Attention Deficit Disorder, whether with or without hyperactivity, is a complex disorder that requires multimodal management involving a healthy lifestyle, a psychoeducational and psychotherapeutic approach, the implementation of a treatment strategy and finally taking adapted medications.
Specialists can actually prescribe medication to treat ADHD. This practice, studied in depth, is now used for more than forty years and is really effective. In two-thirds of the cases, medication specific to ADHD significantly improves the daily life of the hyperactive child as a whole: behavior, schooling, etc.
The role of drugs for ADHD: why?
With great difficulty in controlling attention, emotion, gesture and behavior, it is worth remembering that attention deficit disorder with or without hyperactivity is primarily a neurological disorder. When he comes to cripple its victim, the regulation of or brain chemicals causing his symptoms becomes necessary, hence the use of drugs is necessary.
The drug for ADHD has the overall role of boosting dopamine and / or norepinephrine, neurotransmitters playing an important role in the cognition, mood and attention of a person. It reduces the symptoms of the disorder to improve the function of the brain and subsequently, to allow the child to reach its full potential.
ADHD medications do not treat it to cure it. In fact, drugs prescribed as part of an attention deficit disorder are used for “correction” purposes. Like a pair of glasses that are used to correct vision, these medications are prescribed to correct the lack of attention, agitation, impulsivity and hypersensitivity. More concretely, they will act on the brain to:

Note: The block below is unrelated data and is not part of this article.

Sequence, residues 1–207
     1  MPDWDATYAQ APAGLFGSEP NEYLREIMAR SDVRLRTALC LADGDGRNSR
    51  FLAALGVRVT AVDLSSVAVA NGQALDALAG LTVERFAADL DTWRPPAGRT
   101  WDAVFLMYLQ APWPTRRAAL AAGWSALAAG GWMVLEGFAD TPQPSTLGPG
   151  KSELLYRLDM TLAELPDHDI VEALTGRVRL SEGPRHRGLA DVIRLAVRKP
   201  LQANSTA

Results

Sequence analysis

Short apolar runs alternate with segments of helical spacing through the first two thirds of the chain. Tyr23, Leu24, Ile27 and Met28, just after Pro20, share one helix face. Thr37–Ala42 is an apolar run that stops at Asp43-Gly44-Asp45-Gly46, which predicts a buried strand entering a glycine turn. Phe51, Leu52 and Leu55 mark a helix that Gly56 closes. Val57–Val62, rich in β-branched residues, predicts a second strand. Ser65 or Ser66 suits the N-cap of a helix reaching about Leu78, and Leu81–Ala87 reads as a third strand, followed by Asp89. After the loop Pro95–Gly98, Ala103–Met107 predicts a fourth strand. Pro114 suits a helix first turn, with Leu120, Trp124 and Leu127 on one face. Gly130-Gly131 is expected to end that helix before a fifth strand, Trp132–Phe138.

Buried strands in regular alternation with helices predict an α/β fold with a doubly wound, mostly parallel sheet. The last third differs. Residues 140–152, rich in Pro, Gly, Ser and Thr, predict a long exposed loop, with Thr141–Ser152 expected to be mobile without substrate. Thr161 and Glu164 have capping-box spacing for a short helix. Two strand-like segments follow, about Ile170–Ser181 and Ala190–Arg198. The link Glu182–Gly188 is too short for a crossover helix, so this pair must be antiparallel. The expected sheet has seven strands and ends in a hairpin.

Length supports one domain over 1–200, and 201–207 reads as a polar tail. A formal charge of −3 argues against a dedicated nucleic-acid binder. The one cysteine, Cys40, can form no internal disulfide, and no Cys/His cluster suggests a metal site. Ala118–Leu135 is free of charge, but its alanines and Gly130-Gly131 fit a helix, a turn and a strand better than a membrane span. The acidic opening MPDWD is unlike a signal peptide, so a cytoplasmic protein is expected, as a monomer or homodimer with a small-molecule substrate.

- Improve concentration
- Regulate and manage emotions
- Reinforce the attention paid to each task;
- Strengthen self-control and mastery of gestures and behavior.
Which drug for ADHD to choose?
The choice of medication depends on several factors: the severity of symptoms, the consequences of the disorder on the quality of life of the patient and the expected effects. This task is up to the medical specialist who will prescribe drugs on a case by case basis. Depending on the patient’s profile, he can prescribe three types of treatment:
- Psychostimulants based on methylphenidate;
- Psychostimulants based on amphetamines;
Note that psychostimulants are allowed because scientifically proven to be very effective in alleviating the symptoms of ADHD. At a therapeutic dose, improvement in concentration and attention is noticeable only hours after taking.
Psychostimulants based on methylphenidate
Methylphenidate stimulants do not affect the production of dopamine: they do not increase it, they do not inhibit it either. The role of this psychostimulant substance is actually to “correct” the effects of dopamine on the cortex. Its purpose is to awaken the child and subsequently to promote the child’s attention abilities. Among the most well-known methylphenidate-based drugs are:
- Ritalin: On the market since the 1960s, reviews on this drug are controversial because of which it is rarely prescribed so far. Its effects are also quite limited, because they fade about three hours after taking.
- Concerta: In the form of an insoluble pill, it is the first long-lasting ADHD drug. Its effects can last up to 8 hours which makes it ideal for sustained cognitive activities. The problem is that studies have shown that it is much more effective at the beginning of the afternoon, at which time it is recommended, than in the morning when most of the learning is done in class.